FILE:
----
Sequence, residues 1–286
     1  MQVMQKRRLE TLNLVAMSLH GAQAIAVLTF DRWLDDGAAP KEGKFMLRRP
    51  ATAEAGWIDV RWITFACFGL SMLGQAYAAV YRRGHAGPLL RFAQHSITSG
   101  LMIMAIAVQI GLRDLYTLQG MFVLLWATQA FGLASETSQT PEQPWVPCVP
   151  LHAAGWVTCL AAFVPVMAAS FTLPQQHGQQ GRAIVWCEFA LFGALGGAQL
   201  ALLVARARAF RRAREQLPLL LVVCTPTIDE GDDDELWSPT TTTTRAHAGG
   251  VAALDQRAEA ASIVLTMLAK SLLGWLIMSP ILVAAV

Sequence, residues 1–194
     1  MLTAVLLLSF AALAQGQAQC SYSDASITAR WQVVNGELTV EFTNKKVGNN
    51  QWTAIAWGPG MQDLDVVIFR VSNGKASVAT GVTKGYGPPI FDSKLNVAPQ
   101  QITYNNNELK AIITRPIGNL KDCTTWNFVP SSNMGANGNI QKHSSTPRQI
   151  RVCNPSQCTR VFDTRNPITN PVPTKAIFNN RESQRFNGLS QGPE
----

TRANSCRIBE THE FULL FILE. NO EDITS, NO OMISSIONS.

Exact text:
Sequence, residues 1–286
     1  MQVMQKRRLE TLNLVAMSLH GAQAIAVLTF DRWLDDGAAP KEGKFMLRRP
    51  ATAEAGWIDV RWITFACFGL SMLGQAYAAV YRRGHAGPLL RFAQHSITSG
   101  LMIMAIAVQI GLRDLYTLQG MFVLLWATQA FGLASETSQT PEQPWVPCVP
   151  LHAAGWVTCL AAFVPVMAAS FTLPQQHGQQ GRAIVWCEFA LFGALGGAQL
   201  ALLVARARAF RRAREQLPLL LVVCTPTIDE GDDDELWSPT TTTTRAHAGG
   251  VAALDQRAEA ASIVLTMLAK SLLGWLIMSP ILVAAV

Sequence, residues 1–194
     1  MLTAVLLLSF AALAQGQAQC SYSDASITAR WQVVNGELTV EFTNKKVGNN
    51  QWTAIAWGPG MQDLDVVIFR VSNGKASVAT GVTKGYGPPI FDSKLNVAPQ
   101  QITYNNNELK AIITRPIGNL KDCTTWNFVP SSNMGANGNI QKHSSTPRQI
   151  RVCNPSQCTR VFDTRNPITN PVPTKAIFNN RESQRFNGLS QGPE